The results are in: Online dating is still racially segregated.
Last week, UC San Diego sociologist Kevin Lewis released a study that examined 126,000 interactions on OkCupid over 2.5 months, and the statistics show that the vast majority of OkCupid users rarely interact with users of another racial group (with Asian women being the huge exception).
But wait! Apparently the results also reflect good news. Fear of rejection, rather than racial bias, is the main reason that many OkCupid users still stick to approaching people of their own race. And if Person A is approached by Person B, who is a of a different racial group, Person A is more likely to later on approach someone of Person B's racial group.
Before we go ahead and cheerlead for the glorious future that interracial dating has, hold up.
A closer look at Time.com's article about the study shows this:
"Lewis couldn’t tell how extensive the contacts were — whether these people had just exchanged pleasantries or had actually gone on dates or made it to the aisle. But the first contact seemed to be a key event."
And that's where the hidden story is. It's too simple to say that the numbers behind the "first contact" between users of a different race on OkCupid are necessarily good news.
EXHIBIT 1: Fetishization online
If we are going to discuss interracial dating on OkCupid, or any other online dating websites, we cannot simply blindly celebrate any and every instance of "interracial contact." Many minority OkCupid users — me included — have had experiences with online fetishization.
Granted, this isn't as bad it gets, and it happened only a couple of times. My Anglo features may be why I often get a pass from being treated like a fetish. But there are so many other examples beyond mine.
Like Anna Lekas Miller on Feministe:
"I’ve heard several men say that they want to sleep with a black girl just to 'have' her. Sleep with a Latina girl because she is spicy. Sleep with an Arab girl because it feels dirty and forbidden. Sleep with an ethnic girl just because she is ethnic and not because she is herself."
Or Elaine Dove on Jezebel:
The ad that said I was Asian generated approximately 80 responses in about 6 hours, after which Craigslist struck the ad as being a fake. Many if not most of the responses started with something like, "I love Asian" (I'm not kidding) or "Asian women are so sexy."...The ad that did not specify my race drew a small number of responses, all from educated white men.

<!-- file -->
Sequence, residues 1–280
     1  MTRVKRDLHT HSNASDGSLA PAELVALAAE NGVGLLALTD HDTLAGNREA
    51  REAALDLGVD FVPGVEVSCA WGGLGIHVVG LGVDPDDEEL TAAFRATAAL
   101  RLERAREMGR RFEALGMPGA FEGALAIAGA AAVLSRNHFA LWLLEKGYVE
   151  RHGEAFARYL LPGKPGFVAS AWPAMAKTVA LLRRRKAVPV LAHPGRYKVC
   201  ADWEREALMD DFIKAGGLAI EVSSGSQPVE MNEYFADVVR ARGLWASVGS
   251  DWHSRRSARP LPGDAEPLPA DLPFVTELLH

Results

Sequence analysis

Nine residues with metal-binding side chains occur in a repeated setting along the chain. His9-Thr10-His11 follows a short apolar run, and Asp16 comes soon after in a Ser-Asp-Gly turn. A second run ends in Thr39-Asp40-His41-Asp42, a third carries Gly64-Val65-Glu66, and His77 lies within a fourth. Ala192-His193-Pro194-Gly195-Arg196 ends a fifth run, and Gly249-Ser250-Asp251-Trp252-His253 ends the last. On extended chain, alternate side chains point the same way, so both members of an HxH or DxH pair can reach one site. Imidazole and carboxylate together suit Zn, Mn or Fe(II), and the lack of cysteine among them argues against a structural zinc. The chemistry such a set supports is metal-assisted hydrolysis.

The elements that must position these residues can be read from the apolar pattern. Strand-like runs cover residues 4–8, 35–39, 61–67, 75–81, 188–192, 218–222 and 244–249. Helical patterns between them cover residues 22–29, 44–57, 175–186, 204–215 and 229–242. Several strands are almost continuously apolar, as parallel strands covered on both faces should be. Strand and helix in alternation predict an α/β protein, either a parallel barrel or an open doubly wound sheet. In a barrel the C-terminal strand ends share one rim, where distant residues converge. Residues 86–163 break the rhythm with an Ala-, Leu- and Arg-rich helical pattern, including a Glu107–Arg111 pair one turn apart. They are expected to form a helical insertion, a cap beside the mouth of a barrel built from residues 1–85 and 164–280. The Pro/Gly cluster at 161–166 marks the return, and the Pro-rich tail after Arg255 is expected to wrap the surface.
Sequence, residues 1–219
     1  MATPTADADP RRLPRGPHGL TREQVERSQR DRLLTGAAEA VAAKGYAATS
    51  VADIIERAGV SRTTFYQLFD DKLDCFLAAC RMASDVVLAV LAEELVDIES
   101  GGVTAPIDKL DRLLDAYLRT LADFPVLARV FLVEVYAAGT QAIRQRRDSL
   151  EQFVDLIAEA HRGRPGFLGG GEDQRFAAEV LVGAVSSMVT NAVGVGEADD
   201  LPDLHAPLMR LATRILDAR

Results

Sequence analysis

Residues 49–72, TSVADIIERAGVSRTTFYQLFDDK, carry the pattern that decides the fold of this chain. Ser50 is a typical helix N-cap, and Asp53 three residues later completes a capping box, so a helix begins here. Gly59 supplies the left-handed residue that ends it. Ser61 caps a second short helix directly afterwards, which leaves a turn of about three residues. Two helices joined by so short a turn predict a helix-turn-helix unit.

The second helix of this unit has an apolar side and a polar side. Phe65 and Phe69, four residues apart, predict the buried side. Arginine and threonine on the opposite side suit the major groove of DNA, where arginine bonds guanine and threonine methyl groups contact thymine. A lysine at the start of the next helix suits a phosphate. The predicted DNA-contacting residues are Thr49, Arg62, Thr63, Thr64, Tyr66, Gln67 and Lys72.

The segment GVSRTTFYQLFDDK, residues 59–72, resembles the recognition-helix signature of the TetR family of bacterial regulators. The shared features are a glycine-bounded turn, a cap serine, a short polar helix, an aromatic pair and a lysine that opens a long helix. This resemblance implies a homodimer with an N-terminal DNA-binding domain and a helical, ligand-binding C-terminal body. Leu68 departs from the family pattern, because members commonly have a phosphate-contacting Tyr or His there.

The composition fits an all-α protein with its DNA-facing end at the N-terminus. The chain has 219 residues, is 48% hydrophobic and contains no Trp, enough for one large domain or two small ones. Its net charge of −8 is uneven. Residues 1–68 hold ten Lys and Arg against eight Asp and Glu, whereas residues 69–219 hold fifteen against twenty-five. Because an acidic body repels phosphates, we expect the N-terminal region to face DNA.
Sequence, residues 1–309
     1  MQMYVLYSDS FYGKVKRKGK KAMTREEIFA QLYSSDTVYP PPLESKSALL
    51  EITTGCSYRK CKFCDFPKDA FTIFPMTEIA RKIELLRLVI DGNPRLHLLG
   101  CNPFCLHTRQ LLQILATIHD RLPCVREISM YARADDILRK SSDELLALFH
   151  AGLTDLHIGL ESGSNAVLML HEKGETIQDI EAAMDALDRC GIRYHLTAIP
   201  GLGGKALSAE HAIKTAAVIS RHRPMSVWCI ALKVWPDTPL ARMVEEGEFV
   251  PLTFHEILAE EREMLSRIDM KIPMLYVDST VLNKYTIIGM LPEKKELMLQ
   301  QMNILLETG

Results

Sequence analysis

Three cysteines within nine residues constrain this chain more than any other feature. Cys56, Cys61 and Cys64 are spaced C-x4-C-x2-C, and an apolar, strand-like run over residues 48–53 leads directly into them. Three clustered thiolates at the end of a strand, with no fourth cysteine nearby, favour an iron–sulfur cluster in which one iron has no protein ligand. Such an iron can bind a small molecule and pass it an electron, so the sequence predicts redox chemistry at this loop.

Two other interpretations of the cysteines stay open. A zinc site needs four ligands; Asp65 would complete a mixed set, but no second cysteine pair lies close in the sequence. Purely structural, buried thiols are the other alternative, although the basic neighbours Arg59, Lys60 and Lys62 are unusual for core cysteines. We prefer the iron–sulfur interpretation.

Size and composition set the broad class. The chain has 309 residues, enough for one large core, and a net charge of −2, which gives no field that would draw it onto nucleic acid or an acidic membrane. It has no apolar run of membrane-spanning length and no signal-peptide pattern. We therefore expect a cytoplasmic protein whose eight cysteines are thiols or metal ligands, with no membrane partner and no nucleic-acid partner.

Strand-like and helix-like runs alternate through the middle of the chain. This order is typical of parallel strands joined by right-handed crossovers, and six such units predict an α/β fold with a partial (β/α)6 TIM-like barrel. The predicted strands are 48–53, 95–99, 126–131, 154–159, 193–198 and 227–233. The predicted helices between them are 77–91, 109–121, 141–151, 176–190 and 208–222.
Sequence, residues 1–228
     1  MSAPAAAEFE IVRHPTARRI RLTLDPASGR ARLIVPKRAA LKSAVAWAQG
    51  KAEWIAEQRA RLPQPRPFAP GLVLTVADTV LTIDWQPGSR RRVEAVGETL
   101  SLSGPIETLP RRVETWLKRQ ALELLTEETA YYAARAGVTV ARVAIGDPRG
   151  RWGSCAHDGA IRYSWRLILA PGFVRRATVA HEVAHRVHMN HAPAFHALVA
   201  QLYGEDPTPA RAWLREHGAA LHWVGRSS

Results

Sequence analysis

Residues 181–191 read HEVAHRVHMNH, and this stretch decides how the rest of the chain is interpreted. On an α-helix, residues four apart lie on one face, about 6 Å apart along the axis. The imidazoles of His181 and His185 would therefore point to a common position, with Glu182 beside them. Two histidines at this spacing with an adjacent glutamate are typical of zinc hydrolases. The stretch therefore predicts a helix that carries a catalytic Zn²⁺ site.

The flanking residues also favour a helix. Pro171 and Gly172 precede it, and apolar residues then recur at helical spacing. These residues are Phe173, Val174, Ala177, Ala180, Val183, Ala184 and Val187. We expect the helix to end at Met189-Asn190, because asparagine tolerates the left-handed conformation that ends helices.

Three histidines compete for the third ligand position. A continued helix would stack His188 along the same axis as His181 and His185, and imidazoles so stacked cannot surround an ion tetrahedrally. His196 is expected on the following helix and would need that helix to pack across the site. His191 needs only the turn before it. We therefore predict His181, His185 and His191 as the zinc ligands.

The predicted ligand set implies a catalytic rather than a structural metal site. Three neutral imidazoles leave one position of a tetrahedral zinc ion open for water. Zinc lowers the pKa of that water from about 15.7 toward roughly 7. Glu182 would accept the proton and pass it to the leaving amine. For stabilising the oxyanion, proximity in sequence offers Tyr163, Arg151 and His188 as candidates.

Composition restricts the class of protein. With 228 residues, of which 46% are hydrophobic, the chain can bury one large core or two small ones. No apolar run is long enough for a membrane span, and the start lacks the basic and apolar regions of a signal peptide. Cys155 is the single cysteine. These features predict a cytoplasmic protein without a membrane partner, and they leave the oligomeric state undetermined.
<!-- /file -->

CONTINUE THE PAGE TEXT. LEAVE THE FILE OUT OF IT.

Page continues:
It's not that fetishization doesn't happen offline, or that all interracial interactions on OkCupid are automatically based on it.
But there's more to the numbers behind interracial dating than simply, "Oh, the more willing people are to communicate with someone of a different race, the more tolerant we are as a society."
EXHIBIT 2: Intolerance galore
OkCupid's biggest strength and biggest weakness is that it gives you a great deal of access — you can find people who are right up your alley, who will read Shakespeare and Toni Morrison, and get pita and labneh with you.
Or it can be an experience of people who are anything but up your alley — people who will send you degrading messages about everything from your ethnicity to your sexuality. While I've certainly never been called a "spic" on OkCupid, I did once get into a fight with a user who messaged me with objections to my bisexual status: "Didn't God make Adam and Eve?"
Eventually, after a couple of ignorant OkCupid messages about my sexuality, I ended up making two OkCupid profiles to avoid these encounters — one for men, one for women.
But that's nothing compared to Bim Adewunmi's account over at The Guardian , which was quite the awful experience with online dating:
"In no particular order, I've had someone ask me why my profile picture doesn't show all of my face, before helpfully suggesting it was because I was an 'ugly black girl.' More than one person has asked me if it's true 'What they say about black girls.' Several have asked me: 'So where do you really come from?' And these were just the straight-up, old-school racist ones."
If Bim Adewunmi had been a statistic in the OkCupid study, the results would've merely shown that men of other races were contacting her — not exactly a win for progress.
Maybe the online disinhibition effect is to blame for some of these accounts. Before that fight I had on OkCupid trying to justify why bisexuality wasn't immoral (to this day, I regret I even got into it), I had never faced the brunt of homophobia.
But online, with my attempt to find both men and women, my sexuality became fair game.
"Contact" on online dating websites is not always a glorious act of crossing the interracial divide. Let's think past the statistics and focus on the narratives. There's a lot more to this story.